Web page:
"Macbeth" the hard way: Caldwell directs Shakespeare
New York — Shakespeare's Cabaret Directed by John Driver. Choreography by Lynne Taylor- Corbett. Musical entertainment with words by William Shakespeare. Concept and music by Lance Mulcahy.
As the poet-playwright for all seasons and (apparently) all purposes, William Shakespeare is the chosen lyricist for "Shakespeare's Cabaret," the modest and sometimes fetching little revue at the Bijou Theater. Culling the Bard's works, Lance Mulcahy has composed contemporary musical treatments to fit the texts, applying his own interpretive views to the subject in hand.
The show is a transplant from Off Off Broadway's Colonnades Theater Lab and, as is sometimes the case with such transplants, it seems a bit fragile for the more exacting demands of Broadway. The score's melodic lines have a tendency to run together like melting plastic.
The 28 numbers in the 90-minute program are drawn from Will's poetry as well as from a variety of comedies, dramas, and tragedies that would not shame Polonius's catalog. The accompaniments played by a backstage combo are in a variety of moods and rhythms, including jazz, pop-sentimental, soft rock, and Latin.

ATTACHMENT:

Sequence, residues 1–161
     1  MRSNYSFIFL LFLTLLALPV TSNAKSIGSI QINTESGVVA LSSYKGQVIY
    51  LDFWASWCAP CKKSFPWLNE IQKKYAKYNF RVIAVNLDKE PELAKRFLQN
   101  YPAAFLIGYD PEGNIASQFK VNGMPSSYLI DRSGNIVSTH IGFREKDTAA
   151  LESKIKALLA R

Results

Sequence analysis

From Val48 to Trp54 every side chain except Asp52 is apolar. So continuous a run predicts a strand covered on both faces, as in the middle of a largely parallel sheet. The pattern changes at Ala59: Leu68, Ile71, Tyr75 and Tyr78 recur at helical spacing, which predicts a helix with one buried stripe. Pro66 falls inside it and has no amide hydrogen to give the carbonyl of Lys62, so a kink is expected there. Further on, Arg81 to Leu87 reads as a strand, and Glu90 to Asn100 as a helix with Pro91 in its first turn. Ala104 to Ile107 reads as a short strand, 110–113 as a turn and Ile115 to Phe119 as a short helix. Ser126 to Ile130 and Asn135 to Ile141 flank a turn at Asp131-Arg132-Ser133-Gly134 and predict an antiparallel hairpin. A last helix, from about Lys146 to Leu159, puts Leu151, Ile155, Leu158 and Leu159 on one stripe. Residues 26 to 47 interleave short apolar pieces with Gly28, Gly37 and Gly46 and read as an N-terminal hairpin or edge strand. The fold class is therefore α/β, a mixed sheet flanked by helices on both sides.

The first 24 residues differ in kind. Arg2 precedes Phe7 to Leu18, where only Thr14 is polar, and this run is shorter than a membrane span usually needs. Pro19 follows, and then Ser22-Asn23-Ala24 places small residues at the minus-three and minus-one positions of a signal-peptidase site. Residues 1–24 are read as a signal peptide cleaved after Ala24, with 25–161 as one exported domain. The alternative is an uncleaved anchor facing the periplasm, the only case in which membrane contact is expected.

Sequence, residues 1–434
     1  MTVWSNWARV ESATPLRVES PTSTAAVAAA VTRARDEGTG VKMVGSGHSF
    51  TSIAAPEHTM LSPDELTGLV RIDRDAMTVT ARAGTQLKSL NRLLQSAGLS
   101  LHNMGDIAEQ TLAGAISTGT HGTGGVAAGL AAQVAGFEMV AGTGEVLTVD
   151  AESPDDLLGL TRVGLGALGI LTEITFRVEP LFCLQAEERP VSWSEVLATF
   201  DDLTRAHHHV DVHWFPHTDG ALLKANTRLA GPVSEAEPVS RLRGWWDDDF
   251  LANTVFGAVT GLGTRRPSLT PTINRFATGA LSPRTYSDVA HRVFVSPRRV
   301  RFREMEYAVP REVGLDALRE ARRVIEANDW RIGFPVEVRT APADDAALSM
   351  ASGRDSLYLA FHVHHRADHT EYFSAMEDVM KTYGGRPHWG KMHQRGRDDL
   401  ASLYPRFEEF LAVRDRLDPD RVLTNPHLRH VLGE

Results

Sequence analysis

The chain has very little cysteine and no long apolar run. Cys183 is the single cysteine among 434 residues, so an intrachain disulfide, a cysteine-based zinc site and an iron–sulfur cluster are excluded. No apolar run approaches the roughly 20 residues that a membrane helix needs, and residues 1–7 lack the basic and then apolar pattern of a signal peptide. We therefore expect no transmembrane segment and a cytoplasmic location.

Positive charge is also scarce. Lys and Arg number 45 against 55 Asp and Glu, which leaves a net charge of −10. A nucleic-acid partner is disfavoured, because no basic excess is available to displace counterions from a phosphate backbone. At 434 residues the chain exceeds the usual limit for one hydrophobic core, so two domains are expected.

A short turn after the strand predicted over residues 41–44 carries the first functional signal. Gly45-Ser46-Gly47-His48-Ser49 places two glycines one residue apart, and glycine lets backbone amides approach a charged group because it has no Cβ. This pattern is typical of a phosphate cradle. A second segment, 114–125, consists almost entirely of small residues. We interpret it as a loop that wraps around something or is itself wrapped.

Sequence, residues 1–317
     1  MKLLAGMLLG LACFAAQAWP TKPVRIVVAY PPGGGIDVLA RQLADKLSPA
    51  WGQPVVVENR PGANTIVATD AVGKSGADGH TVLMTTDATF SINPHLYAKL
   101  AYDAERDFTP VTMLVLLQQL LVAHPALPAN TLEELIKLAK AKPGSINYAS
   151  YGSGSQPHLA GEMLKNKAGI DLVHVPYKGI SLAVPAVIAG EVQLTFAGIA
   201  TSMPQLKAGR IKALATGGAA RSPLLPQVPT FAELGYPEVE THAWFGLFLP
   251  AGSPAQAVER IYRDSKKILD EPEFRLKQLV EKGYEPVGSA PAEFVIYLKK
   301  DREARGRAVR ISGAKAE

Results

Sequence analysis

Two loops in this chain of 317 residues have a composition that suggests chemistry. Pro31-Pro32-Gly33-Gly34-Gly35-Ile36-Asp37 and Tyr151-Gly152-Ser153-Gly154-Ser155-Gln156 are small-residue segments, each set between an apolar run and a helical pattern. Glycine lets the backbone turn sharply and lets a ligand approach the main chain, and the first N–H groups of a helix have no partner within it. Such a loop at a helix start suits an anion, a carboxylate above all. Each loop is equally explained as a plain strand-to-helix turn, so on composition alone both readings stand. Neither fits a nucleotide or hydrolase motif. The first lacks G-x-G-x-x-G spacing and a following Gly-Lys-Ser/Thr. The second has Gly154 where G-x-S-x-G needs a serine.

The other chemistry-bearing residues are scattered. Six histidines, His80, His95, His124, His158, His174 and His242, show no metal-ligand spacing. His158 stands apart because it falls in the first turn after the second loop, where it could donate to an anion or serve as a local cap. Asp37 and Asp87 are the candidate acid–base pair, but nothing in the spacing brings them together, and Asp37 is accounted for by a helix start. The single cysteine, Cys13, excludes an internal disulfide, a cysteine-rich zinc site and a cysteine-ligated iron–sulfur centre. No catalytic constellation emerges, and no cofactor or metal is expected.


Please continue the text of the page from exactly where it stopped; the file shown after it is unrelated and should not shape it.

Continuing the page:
Among the more appealing Mulcahy compositions are the setting for "All That Glisters" and "Tell Me Where Is Fancy Bred?" ("The Merchant of Venice"), "Come Live With Me and Be My Love" (attributed to Christopher Marlowe), "Have More Than Thou Showest" ("King Lear"), "Tomorrow Is St. Valentine's Day" (Hamlet), and "The Willow Song" ("Othello").
But the songs are skillfully and enthusiastically performed by Alan Brasington, Catherine Cox, Pauletta Pearson, Patti Perkins, Larry Riley, and Michael Rupert.
John Driver staged the lively production, with choreography by Lynne Taylor-Corbett, arrangements and musical direction by Don Jones, scenery and costumes by Frank J. Boros, and lighting by Marc B. Weiss.